How to eat chaga?

We recommend you to try our MushUp VITAL coffee, which contains powerful chaga extracts. This would allow you to easily and regularly consume it directly in your favourite morning drink.

It's undeniable that for hundreds of years, chaga, often prepared as a tea, has been consumed by many Eastern European and Asian peoples for its various virtues. This decoction was (and still is) particularly popular among hunters and foresters, as the drink relieves hunger, removes fatigue, refreshes, and increases work capacity. Chaga tea is also used as a means of improving general tonus.

Chaga's cell walls are composed of chitin, one of the hardest natural materials of all, making it indigestible to humans without proper cooking. Here's how to prepare your Chaga for infusion:

Grams/litre of water (32 fl oz) Brewing time Reuse
Chunks 14 g (5-7 morceaux) 3 to 4 hours min 3 - 4 times
Nuggets 14 g (1/4 cup) 3 to 4 hours min 1 - 2 times
Powder 10g (full tablespoon) 1 to 2 hours None

Place the pot on the cooker top and cook over low to medium heat - we strongly recommend keeping the water below boiling point, as a too high temperature can destroy some of the active ingredients. With the hot water extraction process, you'll have a strong tea in two to eight hours, depending on whether you are using powder, nuggets or chaga chunks.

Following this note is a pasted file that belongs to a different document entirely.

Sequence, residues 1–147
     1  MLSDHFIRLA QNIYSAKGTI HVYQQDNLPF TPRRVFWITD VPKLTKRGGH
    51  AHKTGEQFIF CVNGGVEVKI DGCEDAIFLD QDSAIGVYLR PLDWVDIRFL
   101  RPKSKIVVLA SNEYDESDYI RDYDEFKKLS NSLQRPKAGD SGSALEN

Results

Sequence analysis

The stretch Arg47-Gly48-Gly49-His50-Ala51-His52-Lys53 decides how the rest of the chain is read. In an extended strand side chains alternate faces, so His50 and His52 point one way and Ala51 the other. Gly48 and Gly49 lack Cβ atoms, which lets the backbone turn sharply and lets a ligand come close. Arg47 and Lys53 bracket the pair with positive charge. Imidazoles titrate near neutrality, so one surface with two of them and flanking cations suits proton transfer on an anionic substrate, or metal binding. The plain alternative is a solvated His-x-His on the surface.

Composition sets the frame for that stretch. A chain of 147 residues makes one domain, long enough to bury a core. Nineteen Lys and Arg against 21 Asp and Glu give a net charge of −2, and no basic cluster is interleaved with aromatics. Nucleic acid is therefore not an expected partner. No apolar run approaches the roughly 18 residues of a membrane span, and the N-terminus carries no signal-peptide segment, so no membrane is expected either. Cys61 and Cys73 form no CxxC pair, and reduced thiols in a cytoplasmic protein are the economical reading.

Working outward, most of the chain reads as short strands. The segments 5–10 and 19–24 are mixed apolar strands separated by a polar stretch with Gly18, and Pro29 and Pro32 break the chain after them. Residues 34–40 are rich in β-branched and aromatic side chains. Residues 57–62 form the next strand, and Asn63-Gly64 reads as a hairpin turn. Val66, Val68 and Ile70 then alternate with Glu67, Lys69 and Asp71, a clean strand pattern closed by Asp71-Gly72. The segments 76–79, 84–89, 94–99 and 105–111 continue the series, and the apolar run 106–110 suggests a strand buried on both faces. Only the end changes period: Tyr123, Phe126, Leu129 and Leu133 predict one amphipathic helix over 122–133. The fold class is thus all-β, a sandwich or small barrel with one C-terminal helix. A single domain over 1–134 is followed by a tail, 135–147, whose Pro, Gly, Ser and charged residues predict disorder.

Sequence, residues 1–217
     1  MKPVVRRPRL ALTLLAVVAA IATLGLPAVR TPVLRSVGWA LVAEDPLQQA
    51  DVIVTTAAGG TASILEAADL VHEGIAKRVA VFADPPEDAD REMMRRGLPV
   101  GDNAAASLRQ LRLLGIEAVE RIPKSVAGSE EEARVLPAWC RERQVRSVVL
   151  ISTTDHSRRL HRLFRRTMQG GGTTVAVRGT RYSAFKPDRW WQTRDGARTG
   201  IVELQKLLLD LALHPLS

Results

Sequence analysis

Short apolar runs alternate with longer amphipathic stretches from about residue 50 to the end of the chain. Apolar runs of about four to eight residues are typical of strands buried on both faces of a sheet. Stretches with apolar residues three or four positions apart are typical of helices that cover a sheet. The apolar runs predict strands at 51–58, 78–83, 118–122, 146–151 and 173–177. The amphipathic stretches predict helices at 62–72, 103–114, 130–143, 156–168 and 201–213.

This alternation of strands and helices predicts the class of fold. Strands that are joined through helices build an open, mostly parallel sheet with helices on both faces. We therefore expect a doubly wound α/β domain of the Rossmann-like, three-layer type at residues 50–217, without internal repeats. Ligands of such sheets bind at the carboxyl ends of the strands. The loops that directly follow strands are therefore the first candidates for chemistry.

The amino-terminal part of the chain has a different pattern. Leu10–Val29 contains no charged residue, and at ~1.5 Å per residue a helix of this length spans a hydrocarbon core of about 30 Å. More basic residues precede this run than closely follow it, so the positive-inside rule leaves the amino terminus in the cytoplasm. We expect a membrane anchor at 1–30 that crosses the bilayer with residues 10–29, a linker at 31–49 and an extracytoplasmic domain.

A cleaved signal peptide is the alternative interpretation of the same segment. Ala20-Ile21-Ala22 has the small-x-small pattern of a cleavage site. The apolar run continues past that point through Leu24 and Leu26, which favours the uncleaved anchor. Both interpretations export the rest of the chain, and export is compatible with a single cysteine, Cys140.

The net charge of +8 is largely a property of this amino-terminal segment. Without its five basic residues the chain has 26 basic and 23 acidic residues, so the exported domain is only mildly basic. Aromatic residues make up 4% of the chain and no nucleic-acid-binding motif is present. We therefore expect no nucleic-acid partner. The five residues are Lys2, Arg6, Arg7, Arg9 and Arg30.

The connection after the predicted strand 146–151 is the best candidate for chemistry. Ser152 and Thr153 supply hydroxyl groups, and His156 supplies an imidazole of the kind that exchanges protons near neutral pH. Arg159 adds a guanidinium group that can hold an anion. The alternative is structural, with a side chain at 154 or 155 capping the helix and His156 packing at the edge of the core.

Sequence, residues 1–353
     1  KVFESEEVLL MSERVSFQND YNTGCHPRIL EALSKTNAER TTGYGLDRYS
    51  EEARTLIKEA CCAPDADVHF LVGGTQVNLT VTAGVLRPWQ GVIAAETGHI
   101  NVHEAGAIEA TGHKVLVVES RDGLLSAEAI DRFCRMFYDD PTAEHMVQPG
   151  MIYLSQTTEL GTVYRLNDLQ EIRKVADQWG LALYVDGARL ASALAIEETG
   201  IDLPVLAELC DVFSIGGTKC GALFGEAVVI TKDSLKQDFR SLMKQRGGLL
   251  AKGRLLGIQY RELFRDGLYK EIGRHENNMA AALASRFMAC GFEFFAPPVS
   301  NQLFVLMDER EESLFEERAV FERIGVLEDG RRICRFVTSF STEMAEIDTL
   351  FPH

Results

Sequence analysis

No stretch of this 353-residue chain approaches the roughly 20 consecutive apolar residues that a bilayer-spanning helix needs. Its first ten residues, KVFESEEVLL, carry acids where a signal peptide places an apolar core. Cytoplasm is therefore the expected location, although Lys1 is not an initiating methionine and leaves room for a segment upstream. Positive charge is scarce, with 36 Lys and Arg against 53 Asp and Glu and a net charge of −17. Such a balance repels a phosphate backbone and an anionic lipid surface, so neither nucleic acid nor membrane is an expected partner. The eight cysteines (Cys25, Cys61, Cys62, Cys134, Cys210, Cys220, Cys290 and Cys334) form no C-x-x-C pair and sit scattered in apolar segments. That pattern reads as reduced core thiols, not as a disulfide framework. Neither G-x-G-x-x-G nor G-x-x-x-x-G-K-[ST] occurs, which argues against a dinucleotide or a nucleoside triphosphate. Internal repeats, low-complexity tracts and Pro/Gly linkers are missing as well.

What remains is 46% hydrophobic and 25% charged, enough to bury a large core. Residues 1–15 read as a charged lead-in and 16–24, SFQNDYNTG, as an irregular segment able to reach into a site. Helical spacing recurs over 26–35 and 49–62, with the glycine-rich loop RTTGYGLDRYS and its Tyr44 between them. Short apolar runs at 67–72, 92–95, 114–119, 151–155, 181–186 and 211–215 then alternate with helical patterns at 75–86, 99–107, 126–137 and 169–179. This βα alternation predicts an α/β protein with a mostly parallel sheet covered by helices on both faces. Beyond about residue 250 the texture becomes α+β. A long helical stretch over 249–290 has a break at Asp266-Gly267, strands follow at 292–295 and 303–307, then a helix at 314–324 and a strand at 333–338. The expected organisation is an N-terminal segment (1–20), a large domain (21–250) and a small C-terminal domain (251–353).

The tea is ready when the liquid is black like coffee. Keep in mind that you'll need to adjust the amount of grams per water and the brewing time when you reuse the product to achieve the desired strength.

It's also interesting to learn that the Khanty (one of the first peoples to consume chaga, located in Siberia) used chaga to make soapy water. The Cree, on the other hand, collected the soft yellow-brown core of the chaga to light a fire. This technique is still commonly used in Russia by Chaga gatherers.

To learn more about chaga and its incredible properties, you'll find below several interesting links. To obtain chaga in an eco-responsible way, we recommend the Mycoboutique on St-Denis, or on, or write to us if you wish to obtain extracts (triple extraction) of our mushrooms.

NOTE: If you have any chaga tea left over, do not throw it away. Simply pour the excess into a container and store it in the refrigerator. The drink can be enjoyed either hot or cold, so there's no need to heat the tea before drinking.You can also always freeze your chaga tea. Ideally, it's possible to form ice cubes and then add them to other drinks, thus increasing their nutritional value.

To find out more about chaga, visit our "Superpowered Mushrooms" section

References for this article:

Chaga, the facts :

"Chaga, le champignon qui aime l'hiver", La Presse

WebMD : Chaga

Research - Chaga

Chaga article

Bloggers and webmasters:
Please republish your favourite MushUp content for free. All we ask is that you attribute the content to the author, by including the following short statement "This article is courtesy of MushUp" and link the MushUp word to this website. Thank you!

About the author

Big author image


Through an atypical career, Maëva has accumulated multiple experiences with devotion. With a Bachelor's degree in Business Management and a Master's degree in Sustainable Development, she has infused the various projects she has led with her environmental and humanistic values.